The Roaring Mouse, second in the Feathered Princess series, will be out 12/16. If you want a free review copy, email firstname.lastname@example.org and I'll send one your way!
And then she hears the window shatter. The one right above her head.
She’s frozen in shock as the glass falls around her. The window is too small for anyone to get in, she tells herself. It’s too small. It’s too –
A booted foot knocks her across the back of her head. Followed by black-clad legs, a twist to the hips and the man is in up to his chest, wriggling, wriggling. Kate watches in mute terror as the pale blue shirt rides up an unnaturally pale chest and then… the shoulders pop through. The man falls to the floor.
Kate’s first instinct is to hide in the tub. Join her infant daughter in her terrified screams.
It’s too late once she thinks better of it. She has already taken a half step that direction.
And the man’s eyes are locked on Elisabeth now, just her head peeking out amongst the covers, but it’s enough. Kate doesn’t think at all. She can’t tell anymore what’s the pounding of her heart and what’s the violent battle raging in the outer portion of the motel room; her body vibrates and the walls vibrate and there is no more Kate, at least nothing separate, no identity, just pure rage in this moment, all the violence a suddenly palpable thing and Kate is only a single finger of the greater bloody body, reaching out.
She slams into the Barracks man with her shoulder to his chest, hears his breath whoosh past her head. She sinks her nails in at his hairline, suddenly wants nothing more in the world than to peal his entire face off, imagines it will melt off beneath her fingers like a Hollywood mask, gets a grip despite the warm wet and rakes her nails down.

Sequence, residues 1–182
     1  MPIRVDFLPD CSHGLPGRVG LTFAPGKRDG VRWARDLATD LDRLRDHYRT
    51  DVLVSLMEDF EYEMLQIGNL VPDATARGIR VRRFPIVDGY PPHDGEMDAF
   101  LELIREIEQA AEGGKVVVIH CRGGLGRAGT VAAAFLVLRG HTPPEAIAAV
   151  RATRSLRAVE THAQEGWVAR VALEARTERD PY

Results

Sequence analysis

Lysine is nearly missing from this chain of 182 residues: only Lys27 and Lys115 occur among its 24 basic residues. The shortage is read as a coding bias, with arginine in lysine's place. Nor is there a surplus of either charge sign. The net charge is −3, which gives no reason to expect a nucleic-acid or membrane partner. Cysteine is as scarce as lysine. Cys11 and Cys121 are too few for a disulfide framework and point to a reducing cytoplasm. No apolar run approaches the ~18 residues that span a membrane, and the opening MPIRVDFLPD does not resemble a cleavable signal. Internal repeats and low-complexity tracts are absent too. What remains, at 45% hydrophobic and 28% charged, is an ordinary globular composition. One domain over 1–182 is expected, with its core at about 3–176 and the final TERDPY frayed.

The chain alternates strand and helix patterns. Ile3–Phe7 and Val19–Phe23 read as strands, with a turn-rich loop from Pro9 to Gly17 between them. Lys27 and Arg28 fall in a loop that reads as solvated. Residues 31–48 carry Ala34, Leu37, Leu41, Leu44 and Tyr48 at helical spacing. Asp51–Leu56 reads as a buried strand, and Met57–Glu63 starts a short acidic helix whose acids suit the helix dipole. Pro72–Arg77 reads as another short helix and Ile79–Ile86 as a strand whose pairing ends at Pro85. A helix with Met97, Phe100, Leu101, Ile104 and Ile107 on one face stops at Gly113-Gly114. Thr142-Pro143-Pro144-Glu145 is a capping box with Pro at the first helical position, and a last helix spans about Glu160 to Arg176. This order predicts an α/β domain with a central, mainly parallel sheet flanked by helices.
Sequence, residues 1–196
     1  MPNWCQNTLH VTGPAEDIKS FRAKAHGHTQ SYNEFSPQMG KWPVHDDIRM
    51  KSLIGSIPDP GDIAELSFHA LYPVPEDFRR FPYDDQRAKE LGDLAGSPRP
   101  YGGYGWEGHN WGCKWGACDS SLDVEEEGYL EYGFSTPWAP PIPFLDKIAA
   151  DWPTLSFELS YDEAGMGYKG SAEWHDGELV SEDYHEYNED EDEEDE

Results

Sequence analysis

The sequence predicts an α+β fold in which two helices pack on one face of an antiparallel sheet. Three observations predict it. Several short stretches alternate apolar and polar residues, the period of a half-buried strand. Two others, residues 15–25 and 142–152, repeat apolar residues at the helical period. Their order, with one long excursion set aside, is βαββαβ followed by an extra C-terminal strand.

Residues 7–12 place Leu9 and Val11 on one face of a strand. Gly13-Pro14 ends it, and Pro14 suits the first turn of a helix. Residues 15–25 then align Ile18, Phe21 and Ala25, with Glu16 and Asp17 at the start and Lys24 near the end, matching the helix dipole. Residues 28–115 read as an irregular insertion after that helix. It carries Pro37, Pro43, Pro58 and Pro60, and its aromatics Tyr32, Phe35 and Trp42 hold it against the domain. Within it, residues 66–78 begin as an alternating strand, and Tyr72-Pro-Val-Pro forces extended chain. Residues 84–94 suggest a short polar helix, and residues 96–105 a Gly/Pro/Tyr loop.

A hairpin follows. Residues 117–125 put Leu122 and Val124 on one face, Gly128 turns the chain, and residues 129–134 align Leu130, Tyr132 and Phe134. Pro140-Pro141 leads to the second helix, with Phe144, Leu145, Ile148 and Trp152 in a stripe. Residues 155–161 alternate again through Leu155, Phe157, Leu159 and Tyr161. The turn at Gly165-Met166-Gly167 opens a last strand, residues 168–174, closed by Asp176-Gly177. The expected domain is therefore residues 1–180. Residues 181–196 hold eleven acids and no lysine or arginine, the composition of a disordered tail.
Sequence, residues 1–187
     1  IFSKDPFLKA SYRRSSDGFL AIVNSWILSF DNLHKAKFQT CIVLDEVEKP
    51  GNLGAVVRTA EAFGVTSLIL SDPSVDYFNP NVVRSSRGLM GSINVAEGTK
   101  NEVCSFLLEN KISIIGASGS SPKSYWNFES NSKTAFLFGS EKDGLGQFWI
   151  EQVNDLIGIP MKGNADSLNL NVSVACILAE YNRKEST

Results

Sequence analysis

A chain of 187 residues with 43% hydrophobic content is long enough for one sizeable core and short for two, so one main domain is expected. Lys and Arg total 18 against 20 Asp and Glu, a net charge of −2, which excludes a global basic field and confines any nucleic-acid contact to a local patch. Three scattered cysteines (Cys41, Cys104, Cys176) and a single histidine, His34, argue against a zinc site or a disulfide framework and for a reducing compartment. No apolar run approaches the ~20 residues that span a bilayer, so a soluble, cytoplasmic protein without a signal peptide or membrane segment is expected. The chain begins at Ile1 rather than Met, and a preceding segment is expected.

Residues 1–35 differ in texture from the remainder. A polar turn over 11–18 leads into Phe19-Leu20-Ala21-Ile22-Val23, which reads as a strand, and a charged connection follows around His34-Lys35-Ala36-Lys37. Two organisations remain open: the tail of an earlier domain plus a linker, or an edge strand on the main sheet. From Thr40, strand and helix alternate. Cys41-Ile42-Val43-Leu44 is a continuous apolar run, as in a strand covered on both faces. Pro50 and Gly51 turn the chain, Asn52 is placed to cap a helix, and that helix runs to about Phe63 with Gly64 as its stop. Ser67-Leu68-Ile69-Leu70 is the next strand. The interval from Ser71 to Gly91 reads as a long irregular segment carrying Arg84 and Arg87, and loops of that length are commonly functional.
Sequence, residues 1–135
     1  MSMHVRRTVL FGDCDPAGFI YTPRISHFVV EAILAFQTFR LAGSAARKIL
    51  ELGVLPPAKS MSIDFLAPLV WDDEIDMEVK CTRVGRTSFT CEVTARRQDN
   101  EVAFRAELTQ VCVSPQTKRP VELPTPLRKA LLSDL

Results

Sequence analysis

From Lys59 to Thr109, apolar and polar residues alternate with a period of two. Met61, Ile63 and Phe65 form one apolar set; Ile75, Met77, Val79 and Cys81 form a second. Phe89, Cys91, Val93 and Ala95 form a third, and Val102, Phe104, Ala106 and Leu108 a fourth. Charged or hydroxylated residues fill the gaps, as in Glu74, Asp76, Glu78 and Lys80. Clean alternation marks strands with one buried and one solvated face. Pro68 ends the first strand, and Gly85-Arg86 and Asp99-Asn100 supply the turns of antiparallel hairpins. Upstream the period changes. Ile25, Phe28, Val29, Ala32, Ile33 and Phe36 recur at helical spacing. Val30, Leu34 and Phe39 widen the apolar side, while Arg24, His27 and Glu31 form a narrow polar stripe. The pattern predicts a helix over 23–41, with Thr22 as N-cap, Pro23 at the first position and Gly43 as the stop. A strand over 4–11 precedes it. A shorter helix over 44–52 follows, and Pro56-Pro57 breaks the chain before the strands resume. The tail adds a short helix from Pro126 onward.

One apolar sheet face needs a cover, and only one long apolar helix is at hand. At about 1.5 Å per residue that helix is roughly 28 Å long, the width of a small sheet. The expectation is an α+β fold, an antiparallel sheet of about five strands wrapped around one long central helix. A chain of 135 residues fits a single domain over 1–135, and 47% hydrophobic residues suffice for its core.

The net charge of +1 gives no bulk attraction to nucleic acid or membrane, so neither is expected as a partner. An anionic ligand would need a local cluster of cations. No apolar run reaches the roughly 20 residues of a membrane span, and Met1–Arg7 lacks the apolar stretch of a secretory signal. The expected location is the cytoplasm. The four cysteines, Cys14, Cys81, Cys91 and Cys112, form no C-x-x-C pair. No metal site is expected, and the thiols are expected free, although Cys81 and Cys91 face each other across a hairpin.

She realizes, belatedly, that the screaming is him.
But maybe he realizes it then too. Because he grows suddenly still. And that’s when his training comes back, she supposes. He flips her over the toilet. Blackness swims before her eyes as her head hits the tile floor and then her feet fly over until her face is pressed into her own blood spatter. She struggles to stand as she recognizes the screaming as Elisabeth’s now. But she can’t seem to make her limbs cooperate. They’re shaking too hard to hold her and the floor is heaving. She slips in her blood. Hits her head a second time.
And then it’s even worse, the silence. Elisabeth’s screaming has ceased. And the head of the man is already back through the small window, his shoulders are twisting, the pale blue, blood spattered shirt is stretching – No!
Kate lunges for a black boot, locks onto the ankle above.
And then Finch is back, standing in the doorway, asking, “Can you hold him?” Kate flops against the wall as the man tries to pull himself up. “Can you hold him?” Finch demands.
Kate realizes, suddenly, yes. She will hold him.
She will kill him.
He touched her baby.
He took her baby.
The second thought is almost enough to shake her, but she feels the indignation swell up just beneath, how absolutely horrified she is by the tide of weakness that sweeps through her at the thought of losing Elisabeth. She can’t afford it. Not now. Elisabeth can’t afford it.
Elisabeth can’t have a mouse for a mother.
Even so, Kate knows she can’t hold on much longer. She reaches down through the red haze, closes her hand around a jagged piece of glass. She reaches up. Shoves it into the man’s upper thigh. Pulls down. Blinks through the sudden rain. Tastes blood.